For a lengthier cws explanation see here. This text is some really, really bare bones for the quickest, most simple cws usage; all fields that you'll need to change are italic for ease.
The basic overview here is that a CWS is a CVS branch, tied to a database called EIS. The cws* tooling talks to both the CVS server and (via SOAP) to the database. It makes maintaining branches more efficient, standardises their use & integrates with QA nicely.
All code that goes into OO.o has to go through a CWS. A CWS is a fairly heavy-weight beast - thus it's well worth aggregating several commits / bug-fixes into one.
NB. Since this 'howto' was written an even quicker way of committing patches to a cws has been created: ooo-build/bin/cws-commit-patch.
Basic setup / Assumptions
It is assumed that you have fixed some bug / created some feature, and you have a live build tree in /opt/OpenOffice/src680-m76. It is also assumed that you have sourced the LinuxIntelEnv.Set.sh script and have you shell setup right.
It is also assumed that you have an up-stream OO.o cvs account, and that you have your tunnel setup correctly, and the source has the right CVS/Root entries for that account/tunnel.
Creating the cws
You have to think of an imaginative name for your cws; if it's just some general bug fixing thing, people tend to use account-name<index> otherwise some more descriptive name
cwscreate -f SRC680 m76 link01
NB. the -f stops cwscreate doing a slow, monstor fresh check-out (you don't want that).
NB. cwscreate in this mode: SOAP only, no CVS access.
Setting up the environment
Now we created a cws - we need to tell the tooling we're working with this cws; we do:
The CWS (in order to ever get merged) has to have a number of issues associated with it, describing the bugs fixed in this CWS. The developer should mark these as 'Fixed' as he commits/tests & QA should mark these bugs 'Verified'. It's also important to get the Milestone correct in the bug. To associate the task with the cws do:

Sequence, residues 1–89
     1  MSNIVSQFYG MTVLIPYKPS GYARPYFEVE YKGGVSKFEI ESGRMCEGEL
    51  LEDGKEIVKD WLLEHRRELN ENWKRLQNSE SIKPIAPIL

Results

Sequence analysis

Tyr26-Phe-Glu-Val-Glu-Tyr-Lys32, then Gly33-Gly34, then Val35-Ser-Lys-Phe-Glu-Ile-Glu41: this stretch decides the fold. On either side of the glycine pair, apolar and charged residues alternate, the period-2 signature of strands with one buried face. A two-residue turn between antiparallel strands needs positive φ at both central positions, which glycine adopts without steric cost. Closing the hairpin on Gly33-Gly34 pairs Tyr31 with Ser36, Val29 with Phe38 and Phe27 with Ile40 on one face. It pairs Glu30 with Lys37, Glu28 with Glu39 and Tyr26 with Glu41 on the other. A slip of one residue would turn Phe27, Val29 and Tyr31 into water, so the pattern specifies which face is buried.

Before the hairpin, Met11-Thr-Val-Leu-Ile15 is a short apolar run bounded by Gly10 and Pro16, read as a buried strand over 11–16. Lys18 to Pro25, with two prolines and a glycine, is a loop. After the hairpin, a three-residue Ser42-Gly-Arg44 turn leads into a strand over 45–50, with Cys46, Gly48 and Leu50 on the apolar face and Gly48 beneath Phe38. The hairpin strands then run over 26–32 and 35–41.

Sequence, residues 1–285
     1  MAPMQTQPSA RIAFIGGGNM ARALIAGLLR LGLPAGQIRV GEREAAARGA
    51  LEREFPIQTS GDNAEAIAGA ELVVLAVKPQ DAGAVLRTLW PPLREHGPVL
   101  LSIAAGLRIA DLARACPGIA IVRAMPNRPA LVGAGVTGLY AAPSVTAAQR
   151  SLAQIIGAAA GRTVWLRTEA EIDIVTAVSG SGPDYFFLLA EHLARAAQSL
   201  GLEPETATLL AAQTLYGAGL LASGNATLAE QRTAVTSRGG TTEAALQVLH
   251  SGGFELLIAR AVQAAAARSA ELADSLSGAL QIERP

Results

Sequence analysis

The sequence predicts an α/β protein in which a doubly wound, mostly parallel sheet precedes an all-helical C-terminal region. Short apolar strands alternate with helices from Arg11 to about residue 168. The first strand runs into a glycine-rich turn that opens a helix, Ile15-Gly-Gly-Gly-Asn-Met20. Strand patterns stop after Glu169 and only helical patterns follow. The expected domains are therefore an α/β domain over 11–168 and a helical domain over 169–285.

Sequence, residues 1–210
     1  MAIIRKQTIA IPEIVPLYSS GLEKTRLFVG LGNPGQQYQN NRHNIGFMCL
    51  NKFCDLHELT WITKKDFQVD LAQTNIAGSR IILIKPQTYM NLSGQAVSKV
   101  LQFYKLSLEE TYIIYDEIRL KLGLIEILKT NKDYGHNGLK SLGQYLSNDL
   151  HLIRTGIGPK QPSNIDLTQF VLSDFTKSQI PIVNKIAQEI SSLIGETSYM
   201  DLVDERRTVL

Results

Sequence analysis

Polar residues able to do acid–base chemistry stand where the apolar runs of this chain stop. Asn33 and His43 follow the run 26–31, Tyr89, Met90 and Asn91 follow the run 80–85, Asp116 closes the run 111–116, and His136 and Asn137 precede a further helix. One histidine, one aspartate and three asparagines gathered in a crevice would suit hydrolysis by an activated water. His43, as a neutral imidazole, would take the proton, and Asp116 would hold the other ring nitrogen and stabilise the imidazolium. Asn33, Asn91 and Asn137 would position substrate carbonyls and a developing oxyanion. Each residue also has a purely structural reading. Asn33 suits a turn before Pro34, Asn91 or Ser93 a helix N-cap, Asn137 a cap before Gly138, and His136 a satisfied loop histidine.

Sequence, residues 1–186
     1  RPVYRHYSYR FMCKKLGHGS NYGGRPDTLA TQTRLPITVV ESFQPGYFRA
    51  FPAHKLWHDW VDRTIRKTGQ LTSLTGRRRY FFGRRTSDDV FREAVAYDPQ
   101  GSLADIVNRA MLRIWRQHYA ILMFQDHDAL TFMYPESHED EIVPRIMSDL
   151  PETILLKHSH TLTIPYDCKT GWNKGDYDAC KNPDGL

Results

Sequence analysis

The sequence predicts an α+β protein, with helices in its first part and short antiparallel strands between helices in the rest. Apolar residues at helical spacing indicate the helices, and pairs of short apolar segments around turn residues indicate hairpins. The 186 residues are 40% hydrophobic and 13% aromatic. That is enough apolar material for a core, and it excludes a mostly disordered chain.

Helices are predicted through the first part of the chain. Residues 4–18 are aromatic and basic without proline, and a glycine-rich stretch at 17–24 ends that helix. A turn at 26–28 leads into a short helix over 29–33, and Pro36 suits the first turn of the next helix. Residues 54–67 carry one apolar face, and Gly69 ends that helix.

NB. cwsaddtask: SOAP only, no CVS access.
We now need to add some top-level modules to the CWS - the ones that we have changed. This tool essentially just tags cvs twice with a static: CWS_SRC680_LINK01_ANCHOR tag and a cws_src680_link01 branch tag to commit to. It then updates the module to that branch.
cwsadd -a -f solenv
NB. here -f allows you to keep your changes, while doing the tagging on the underlying versions they are based on - incorporating them into the new cws automatically.
NB. cwsadd: SOAP and CVS access.
Committing requires nothing particular new; the database doesn't track commits. Just commit them to the branched modules you cwsadded.
CVS should add some helpful fields for you & some helpful blurb about what to write here - often it doesn't. The stock format is:
Issue number: #i24253# Submitted by: mmeeks Reviewed by: mmeeks This patch fixes a silly bug in linkoo
When you're happy
Finally - when you've committed everything & tested it, and/or if you're strange & like to have a long-term cws open you need to setup your cws details in EIS.
Login with your SourceCast account details (log out first). Navigate the SRC680 'new' tree - find your cws, and click on the underlined link at the top. Fill out all the details, dates in the format 2005-08-02.
Having done all that, go-back, and re-edit the details - marking the state to 'Ready for QA' [ you did mark all your bugs 'FIXED' first ? - don't run foul of the thought police ].
What next ?
You get to wait until the CWS is nominated by Sun QA up-stream, then it will (eventually) be merged into HEAD and released.
Updating to a newer milestone
The long-term CWSes need a resync to a newer milestone from time to time.
mkdir tmp cd tmp export CWS_WORK_STAMP=the_name_of_the_cws cwsresync -f -m m79 all ... resolve possible conflicts ... cwsresync -f -c all cwsresync -f -l m79
You must start in an empty directory with a correctly set CWS_WORK_STAMP environment variable. First of all, -m merges files from the CWS (according to CWS_WORK_STAMP) with the specified milestone and protocolls all conflicts. -c then commits the merges to the CVS. NB.: Do it always with
cwsresync -c, never by hand! Finally, -l updates the workspace and the milestone info of the CWS in the database
NB.: Don't forget to create a new & empty directory for this. Really.
NB. -f: Speeds the things up by avoiding unnecessary updates.